The Cloud Use Case

You’ve been running pfSense for some time now - happy that you could extend the same great firewall protection you’ve used for years on premises right to your cloud-based workloads. Unfortunately, pfSense still imposes the same constraints - due to its inherent kernel processing - in the cloud that we just described for our telecommuter and small business users above.

Enter TNSR. The least capable Amazon AWS EC2 instance currently available for TNSR to be provisioned is the C5.xlarge - underpinned by a 4 Core 3.0 GHz Intel® Xeon® CPU and 8 GB of RAM. Our testing shows we can get 4.79 Gbps out of a single core. Now here’s an important point. That’s 4.79 Gbps irrespective of packet size. We see the same throughout whether it’s 64 byte packets, or even 1500 byte packets. So TNSR pushes roughly 5 Gbps per core - a 5x lift over pfSense on an XG-1541.

But hang on. In Netgate’s testing, we’ve routinely seen TNSR move 14 Mpps, or 10 Gbps - per core - at small packet sizes. So why the drop? Because Amazon throttles (governs) bandwidth for their EC2 instances - presumably to prevent noisy neighbors from consuming a disproportionate percentage of shared infrastructure. Someday that 5 Gbps throughput governor may be relaxed, but that is out of our control. Just be advised, TNSR is being commercially held back from its real potential. pfSense can’t overrun the underlying EC2 instance hardware, but TNSR can make it redline. And when that happens, your price per packet processed in the cloud drops precipitously.

Let’s kick it up a notch or two, or four (with AWS bandwidth governors as they are). Suppose we use all four C5.xlarge cores. That EC2 instance (which, by the way, is available for pennies per hour) can now pump right at 20 Gbps over four connections. And, since all of our provisioned instances support Amazon’s Elastic Network Adapter (ENA) - which affords a 25 Gbps network connection - we now have a 20 Gbps non-blocking software router for a few dimes per hour.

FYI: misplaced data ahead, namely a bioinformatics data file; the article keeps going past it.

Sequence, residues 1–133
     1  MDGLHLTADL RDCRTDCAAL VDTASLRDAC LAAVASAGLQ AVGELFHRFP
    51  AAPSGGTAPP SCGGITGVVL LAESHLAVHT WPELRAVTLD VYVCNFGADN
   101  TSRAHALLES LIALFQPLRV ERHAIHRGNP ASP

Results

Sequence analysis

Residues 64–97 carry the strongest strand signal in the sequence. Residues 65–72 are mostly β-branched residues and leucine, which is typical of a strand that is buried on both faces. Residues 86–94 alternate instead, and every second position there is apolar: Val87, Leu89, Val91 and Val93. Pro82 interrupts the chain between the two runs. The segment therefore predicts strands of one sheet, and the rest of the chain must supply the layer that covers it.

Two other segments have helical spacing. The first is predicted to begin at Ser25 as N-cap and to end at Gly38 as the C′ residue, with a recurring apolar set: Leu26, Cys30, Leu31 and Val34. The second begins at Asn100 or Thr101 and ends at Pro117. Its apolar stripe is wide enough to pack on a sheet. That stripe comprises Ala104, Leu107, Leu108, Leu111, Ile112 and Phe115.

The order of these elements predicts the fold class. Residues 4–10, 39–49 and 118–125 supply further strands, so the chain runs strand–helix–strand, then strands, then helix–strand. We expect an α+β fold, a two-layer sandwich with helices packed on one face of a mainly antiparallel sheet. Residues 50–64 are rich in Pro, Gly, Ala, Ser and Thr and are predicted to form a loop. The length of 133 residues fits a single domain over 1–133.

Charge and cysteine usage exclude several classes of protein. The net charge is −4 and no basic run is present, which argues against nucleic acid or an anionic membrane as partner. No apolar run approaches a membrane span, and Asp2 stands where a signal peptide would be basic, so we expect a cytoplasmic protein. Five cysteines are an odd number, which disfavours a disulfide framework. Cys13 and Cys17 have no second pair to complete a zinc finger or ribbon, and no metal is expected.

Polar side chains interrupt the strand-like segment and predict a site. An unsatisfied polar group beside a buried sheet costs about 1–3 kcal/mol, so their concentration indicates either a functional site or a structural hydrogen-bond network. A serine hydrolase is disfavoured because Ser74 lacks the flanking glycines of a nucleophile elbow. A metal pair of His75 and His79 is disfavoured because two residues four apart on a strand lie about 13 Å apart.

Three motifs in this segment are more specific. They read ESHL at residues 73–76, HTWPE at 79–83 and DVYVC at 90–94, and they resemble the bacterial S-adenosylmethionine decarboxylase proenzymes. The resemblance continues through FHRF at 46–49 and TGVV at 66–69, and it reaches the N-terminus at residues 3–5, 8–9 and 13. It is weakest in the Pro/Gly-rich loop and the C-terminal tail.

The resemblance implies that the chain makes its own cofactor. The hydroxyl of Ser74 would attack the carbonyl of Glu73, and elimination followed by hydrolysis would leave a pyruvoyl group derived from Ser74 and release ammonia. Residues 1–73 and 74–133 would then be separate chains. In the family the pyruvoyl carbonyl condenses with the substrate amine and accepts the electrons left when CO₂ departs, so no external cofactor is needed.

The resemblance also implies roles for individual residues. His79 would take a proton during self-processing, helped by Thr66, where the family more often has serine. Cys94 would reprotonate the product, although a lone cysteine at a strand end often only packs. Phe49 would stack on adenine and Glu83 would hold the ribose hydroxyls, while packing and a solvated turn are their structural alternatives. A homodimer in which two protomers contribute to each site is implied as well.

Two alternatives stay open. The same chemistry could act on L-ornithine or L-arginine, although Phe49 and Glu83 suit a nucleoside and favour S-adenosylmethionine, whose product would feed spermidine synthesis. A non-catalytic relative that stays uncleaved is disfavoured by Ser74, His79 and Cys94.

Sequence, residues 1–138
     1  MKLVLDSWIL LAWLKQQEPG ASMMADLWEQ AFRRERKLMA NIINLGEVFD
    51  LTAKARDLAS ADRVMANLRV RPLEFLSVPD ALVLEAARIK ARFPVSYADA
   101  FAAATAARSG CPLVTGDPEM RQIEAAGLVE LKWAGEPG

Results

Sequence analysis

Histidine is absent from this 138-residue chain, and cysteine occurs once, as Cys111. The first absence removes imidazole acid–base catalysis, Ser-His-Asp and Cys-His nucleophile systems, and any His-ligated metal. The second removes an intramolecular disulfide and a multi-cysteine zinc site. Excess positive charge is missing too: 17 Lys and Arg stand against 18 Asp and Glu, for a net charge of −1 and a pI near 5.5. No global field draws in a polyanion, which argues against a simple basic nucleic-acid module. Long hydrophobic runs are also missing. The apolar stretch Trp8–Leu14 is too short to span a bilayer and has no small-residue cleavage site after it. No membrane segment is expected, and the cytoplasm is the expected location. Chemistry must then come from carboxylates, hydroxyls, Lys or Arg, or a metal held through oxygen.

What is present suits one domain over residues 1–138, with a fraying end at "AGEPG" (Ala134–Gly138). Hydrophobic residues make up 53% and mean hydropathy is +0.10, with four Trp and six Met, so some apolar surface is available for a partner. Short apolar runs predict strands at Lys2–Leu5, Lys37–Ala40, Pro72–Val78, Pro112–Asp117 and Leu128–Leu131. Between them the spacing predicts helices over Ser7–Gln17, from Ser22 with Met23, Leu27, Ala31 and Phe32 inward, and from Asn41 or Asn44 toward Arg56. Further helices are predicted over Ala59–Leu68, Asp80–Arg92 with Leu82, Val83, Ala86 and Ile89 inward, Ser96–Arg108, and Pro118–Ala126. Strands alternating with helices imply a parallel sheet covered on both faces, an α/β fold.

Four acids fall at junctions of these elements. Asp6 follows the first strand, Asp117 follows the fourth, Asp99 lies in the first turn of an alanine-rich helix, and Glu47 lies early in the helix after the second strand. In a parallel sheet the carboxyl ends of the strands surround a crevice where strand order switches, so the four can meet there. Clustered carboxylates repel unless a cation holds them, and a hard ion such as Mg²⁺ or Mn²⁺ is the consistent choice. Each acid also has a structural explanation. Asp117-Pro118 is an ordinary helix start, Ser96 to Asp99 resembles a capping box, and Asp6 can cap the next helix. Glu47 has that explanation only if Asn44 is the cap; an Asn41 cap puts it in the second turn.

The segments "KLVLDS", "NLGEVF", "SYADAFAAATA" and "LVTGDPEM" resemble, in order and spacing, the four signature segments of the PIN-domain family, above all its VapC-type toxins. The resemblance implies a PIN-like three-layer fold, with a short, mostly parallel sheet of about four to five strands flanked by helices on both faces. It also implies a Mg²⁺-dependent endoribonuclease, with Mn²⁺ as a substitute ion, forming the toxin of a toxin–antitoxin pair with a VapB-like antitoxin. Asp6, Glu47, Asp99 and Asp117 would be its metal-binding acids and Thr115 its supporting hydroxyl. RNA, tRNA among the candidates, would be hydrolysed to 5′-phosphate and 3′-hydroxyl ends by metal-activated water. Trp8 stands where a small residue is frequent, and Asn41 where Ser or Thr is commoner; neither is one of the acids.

The Service Provider Use Case

Service providers demand serious infrastructure that reliably provides conformance with high bandwidth SLAs while providing service to a large number of customers. They are under constant pressure to increase price performance for their buyers, as well as reduce their own costs to survive in a ‘dog eat dog’ world. Six figure routers and firewalls don’t exactly get them to the promised land. They see really powerful white box appliances on the market at ultra low prices and lament, “If only I had packet processing software that could fully tap that horsepower.” Let’s take a peek into the near future.

The new Intel® Xeon® Platinum 8168 CPU has 28 cores. Recent testing by FD.io using 4 of these CPUs revealed that Vector Packet Processing - the fast data plane in TNSR - can process 948 Gbps at 400 Mpps across 30 cores. That’s 14 Mpps per core, and the test scaled with core count until PCIe bandwidth was saturated. Restated, on modern CPUs, the packet processing in TNSR is limited by PCIe bandwidth, not CPU. Using an IMIX benchmark, the packet processing in TNSR scales out on these CPUs at and incredible 50 Gbps per core. These are numbers that service providers can get excited about.

The behemoth router has arrived. But what it really means is secure networking functions (routing, firewalls, VPNs, and more) are fast approaching a utility model - just like power or water. Use as much as you want, when you want, where you want. Accessible by all - from SOHO to Service Provider. These are truly exciting times. We’ll be talking more in the coming months about similar scale advances in management and services expansion - two other areas where TNSR shatters historic barriers. Stay tuned.